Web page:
Related to the international food effort underway, Korean Sharing Movement, a South Korean non-governmental organization, said it wanted to send emergency food aid to the North and requested permission from Seoul’s Ministry of Unification, which oversees inter-Korean affairs.

The civic groups pointed out that emergency aid shipments have always been permitted in the past regardless of the state of inter-Korean relations.

Cross-border ties have been strained following the North’s detonation of its third nuclear device in February and subsequent tightening of international sanctions. The shutting down of the joint factory park in Kaesong further strained relations.

Seoul has officially maintained that it will allow shipments of humanitarian aid to the North, but made clear it needs to first verify the extent of the flood damage. Officials have cited urgency and ability to make certain that relief will reach those in greatest need as conditions that must be met for aid to be provided. Last week, South Korea approved aid shipments by five local civic organizations.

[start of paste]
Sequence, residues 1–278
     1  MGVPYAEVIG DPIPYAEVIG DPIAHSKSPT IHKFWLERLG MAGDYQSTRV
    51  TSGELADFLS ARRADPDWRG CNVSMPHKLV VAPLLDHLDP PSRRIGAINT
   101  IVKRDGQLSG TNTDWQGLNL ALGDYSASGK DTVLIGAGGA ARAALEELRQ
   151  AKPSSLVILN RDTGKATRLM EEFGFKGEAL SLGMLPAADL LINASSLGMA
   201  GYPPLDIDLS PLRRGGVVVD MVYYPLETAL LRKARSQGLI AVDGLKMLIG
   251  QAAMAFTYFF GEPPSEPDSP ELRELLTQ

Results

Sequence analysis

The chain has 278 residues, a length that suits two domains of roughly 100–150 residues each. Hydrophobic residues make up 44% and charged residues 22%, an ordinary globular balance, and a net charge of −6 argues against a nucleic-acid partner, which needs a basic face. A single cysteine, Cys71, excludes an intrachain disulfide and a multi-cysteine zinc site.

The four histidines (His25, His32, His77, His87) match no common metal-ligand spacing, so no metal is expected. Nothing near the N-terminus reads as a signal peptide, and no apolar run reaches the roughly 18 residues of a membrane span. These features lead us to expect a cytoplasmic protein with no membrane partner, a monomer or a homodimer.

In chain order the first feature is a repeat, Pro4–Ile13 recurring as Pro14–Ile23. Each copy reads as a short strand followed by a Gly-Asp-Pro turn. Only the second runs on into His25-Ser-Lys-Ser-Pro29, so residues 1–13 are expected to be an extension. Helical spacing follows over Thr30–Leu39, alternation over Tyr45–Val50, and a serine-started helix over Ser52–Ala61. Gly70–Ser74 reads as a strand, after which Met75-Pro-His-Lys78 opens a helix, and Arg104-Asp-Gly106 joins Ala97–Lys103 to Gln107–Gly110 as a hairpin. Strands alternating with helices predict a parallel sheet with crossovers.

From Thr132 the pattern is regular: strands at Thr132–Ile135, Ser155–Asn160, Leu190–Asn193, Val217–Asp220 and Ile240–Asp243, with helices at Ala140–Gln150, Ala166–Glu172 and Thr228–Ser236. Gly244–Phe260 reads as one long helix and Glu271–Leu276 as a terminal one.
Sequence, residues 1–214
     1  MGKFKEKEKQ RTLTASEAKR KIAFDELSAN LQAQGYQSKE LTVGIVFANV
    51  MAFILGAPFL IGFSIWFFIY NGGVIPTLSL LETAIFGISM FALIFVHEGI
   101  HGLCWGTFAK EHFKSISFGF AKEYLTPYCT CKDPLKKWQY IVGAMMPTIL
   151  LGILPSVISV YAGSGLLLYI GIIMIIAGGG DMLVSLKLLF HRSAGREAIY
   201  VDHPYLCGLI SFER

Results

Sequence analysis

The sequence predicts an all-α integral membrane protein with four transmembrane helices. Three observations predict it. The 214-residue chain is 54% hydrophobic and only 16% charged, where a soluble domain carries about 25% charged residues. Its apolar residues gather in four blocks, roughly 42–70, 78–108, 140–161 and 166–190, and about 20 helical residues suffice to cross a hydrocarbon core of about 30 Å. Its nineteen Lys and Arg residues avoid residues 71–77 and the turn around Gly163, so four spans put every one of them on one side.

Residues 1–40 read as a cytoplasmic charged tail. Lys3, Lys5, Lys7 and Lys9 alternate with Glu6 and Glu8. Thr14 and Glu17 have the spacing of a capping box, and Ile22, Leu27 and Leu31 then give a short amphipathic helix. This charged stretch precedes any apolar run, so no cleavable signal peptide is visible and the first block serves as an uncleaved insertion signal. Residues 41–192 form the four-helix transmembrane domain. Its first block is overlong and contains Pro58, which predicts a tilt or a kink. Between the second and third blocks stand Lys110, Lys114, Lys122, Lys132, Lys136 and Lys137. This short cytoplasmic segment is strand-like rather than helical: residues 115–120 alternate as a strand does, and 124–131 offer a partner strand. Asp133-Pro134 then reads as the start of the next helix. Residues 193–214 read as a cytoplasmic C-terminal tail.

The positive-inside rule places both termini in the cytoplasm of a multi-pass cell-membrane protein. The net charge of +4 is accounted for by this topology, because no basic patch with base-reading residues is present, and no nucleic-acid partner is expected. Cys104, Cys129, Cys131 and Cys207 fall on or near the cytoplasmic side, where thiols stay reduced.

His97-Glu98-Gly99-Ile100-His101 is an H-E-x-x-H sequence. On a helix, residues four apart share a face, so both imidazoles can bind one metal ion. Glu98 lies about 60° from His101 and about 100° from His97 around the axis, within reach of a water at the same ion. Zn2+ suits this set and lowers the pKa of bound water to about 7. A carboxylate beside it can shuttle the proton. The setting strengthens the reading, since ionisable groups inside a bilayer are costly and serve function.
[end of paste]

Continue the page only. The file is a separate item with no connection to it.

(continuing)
Reflecting the country’s humanitarian aid policy, the South and North Exchange and Cooperation Promotion Council, which is chaired by the unification minister, approved sending more than US$6.03 million for relief programs organized by the U.N. Children’s Fund (UNICEF).

The money will be used to provide medicine and vaccines as well as improve the level of nutrition provided to small children, pregnant women and the socially disadvantaged. An additional 15.92 million won (US$14,288) will be sent to UNICEF to help manage the aid programs in North Korea.

UPDATE 7 (2013-8-2): From the United Nations:

Exceptionally heavy seasonal rain in mid-July resulted in flooding in many parts of DPRK Korea. Particularly severely affected are the provinces of North and South Pyongan. Many places had over twice the average rainfall for July in three days. There are a reported 33 deaths with 18 people still missing.